wherein ϑi(n) is used in the linear system J(x(n),H(n))ϖi(n)=F(ϑi-1(n)), i=1,…,m. We remark that, in this structure, the LU factorization of the Jacobian matrix would be computed only once. This reduces the computational load of the linear algebra problems in implementing (18).
In the iterative process (18) each added step will impose one more N-dimensional function, whose cost is N while the convergence order will be improved to 1+O(m-1), wherein O(m-1) is the order of the previous substeps. Considering the well-known mathematical induction, it would be easy to deduce the following Theorem for (18).
Theorem 3.
Using the same conditions as in Theorem 2, the m-step iterative process (18) has the local convergence order m+1 using m+1 evaluations of the function F and one first-order divided difference operator per full iterations.
Proof.
The proof of this theorem is based on mathematical induction and is straightforward.
As an example, the five-step sixth-order method from the new class has the following structure:
(19)ϑ1(n)=x(n)-ϖ1(n),ϑ2(n)=ϑ1(n)-ϖ2(n),ϑ3(n)=ϑ2(n)-ϖ3(n),ϑ4(n)=ϑ3(n)-ϖ4(n),x(n+1)=ϑ5(n)=ϑ4(n)-ϖ5(n).
4. Complexity
In the iterative method (17), one may solve one linear system of equations per computing step, with three right-hand side vectors F(x(n)), F(y(n)), and F(z(n)), and a similar procedure must be applied for (19). In such a case, one could compute a factorization of the matrix and use it repeatedly. It is known that the cost (number of products/quotients) of solving the associated linear system by LU decomposition is (1/3)N3+N2-(1/3)N (including the LU factorization and two triangular systems), where N is the size of the system. Moreover, if one has k systems with the same matrix, then the final cost is (1/3)N3+kN2-(1/3)N.
The computational cost for (17) is as follows: N evaluations of scalar functions for F(x), N evaluations of scalar functions F(y), and N evaluations of scalar functions for F(w) and N2-N (since we have computed above F(x) and F(w) before) for the estimation (5).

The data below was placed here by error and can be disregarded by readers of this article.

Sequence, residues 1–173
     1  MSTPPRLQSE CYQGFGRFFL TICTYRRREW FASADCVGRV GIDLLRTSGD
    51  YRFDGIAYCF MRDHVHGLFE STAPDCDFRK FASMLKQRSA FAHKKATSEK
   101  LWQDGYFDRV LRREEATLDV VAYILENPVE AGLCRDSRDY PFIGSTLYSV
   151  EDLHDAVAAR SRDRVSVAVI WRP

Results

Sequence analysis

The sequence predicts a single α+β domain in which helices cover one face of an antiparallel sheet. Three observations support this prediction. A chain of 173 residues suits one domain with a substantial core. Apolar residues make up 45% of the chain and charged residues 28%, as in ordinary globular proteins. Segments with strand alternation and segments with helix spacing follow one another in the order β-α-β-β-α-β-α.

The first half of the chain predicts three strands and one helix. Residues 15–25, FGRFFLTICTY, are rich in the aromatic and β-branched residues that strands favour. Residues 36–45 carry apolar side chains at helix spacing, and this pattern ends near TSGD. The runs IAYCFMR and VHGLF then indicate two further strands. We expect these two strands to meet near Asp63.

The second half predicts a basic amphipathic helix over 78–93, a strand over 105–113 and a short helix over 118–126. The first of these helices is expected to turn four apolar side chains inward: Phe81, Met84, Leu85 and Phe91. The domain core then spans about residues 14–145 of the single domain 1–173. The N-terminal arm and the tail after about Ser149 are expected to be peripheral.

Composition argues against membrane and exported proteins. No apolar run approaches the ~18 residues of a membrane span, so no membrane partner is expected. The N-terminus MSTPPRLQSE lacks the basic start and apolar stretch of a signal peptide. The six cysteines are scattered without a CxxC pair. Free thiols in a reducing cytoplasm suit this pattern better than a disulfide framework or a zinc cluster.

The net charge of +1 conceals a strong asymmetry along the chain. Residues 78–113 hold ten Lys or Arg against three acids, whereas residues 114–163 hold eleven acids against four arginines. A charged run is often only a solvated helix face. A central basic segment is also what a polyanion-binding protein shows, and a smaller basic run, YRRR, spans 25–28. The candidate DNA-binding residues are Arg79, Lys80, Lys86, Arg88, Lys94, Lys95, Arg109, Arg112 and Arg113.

We provide a comparison of efficiency indices for the methods (2) denoted by NM, (4) denoted by SM, (6) denoted by ZM, and the new methods (17) denoted by PM4 and (19) denoted by PM6 based on the computational efficiency index which is also known as operational-efficiency index in the literature [11].
The log plot of the efficiencies according to the definition of this index for an iterative method, which is given by E=p1/C, where p is the order of convergence and C stands for the total computational cost per iteration in terms of the number of functional evaluations and the number of products/quotients in finding the LU decomposition and two triangular systems, is given in Figure 1. It is clearly obvious that the new method (19) for higher N has dominance with respect to the other well-known methods.
The log plot of the efficiency indices for different methods (a) when N=4,…,10 and (b) when N=30,…,50.
Note that ENM=ESM=23/N(2+6N+N2),EZM=43/N(-2+15N+5N2), and for the proposed methods EPM4=43/N(8+12N+N2) and EPM6=63/N(14+18N+N2).
Although the new scheme does not have the drawbacks of NM or ZM in terms of computing Fréchet derivatives or three different divided difference operators, a significant focus should be allocated for large scale nonlinear systems. In fact, for large scale sparse nonlinear systems of equations, we have two main shortcomings, first putting numeric values into the Jacobian matrix for Newton-type methods and second the LU decomposition, which is time-consuming. The suggested method in this work does not need the computations of the Fréchet derivatives and, due to this, it resolves the first problem. For solving the second problem, the new scheme should be coded in the inexact form (see, e.g., [12, 13]) using very efficient solvers for the solution of linear systems of equations such as GMRES.
5. A Multiplication-Rich Scheme
A contribution of this study lies in a simple trick that could be used in this section to produce derivative-free schemes which are inversion-free as well. As a matter of fact, the general class (18) is free from Fréchet derivative per computing step and this makes it nice but we could use a simple trick to make the process inversion-free. That is to say, the computation of the inverse of J in (18) is tough since it could be a dense matrix. Although we use the LU decomposition to proceed per cycle, we could apply an iterative inverse finder to avoid the computation of inverse (or solving a system) by imposing further matrix-matrix multiplications.
Such a procedure could be done using the well-known Schulz-type methods (see, e.g., [14]). Here, we apply the Schulz inverse finder for this purpose, for one step of the matrix iterative method (18) as follows:
(20)Pn=2σ12+σr2Jn*,Pn+1=Pn(2I-JnPn),x(n+1)=x(n)-Pn+1F(x(n)),